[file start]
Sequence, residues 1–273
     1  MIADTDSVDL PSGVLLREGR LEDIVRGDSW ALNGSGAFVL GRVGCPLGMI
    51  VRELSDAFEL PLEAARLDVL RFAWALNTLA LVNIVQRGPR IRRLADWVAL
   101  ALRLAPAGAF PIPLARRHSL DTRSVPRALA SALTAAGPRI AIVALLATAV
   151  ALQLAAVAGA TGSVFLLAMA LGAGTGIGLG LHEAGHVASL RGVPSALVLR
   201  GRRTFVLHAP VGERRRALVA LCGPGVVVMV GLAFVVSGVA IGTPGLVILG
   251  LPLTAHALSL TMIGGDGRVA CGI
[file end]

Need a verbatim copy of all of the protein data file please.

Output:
Sequence, residues 1–273
     1  MIADTDSVDL PSGVLLREGR LEDIVRGDSW ALNGSGAFVL GRVGCPLGMI
    51  VRELSDAFEL PLEAARLDVL RFAWALNTLA LVNIVQRGPR IRRLADWVAL
   101  ALRLAPAGAF PIPLARRHSL DTRSVPRALA SALTAAGPRI AIVALLATAV
   151  ALQLAAVAGA TGSVFLLAMA LGAGTGIGLG LHEAGHVASL RGVPSALVLR
   201  GRRTFVLHAP VGERRRALVA LCGPGVVVMV GLAFVVSGVA IGTPGLVILG
   251  LPLTAHALSL TMIGGDGRVA CGI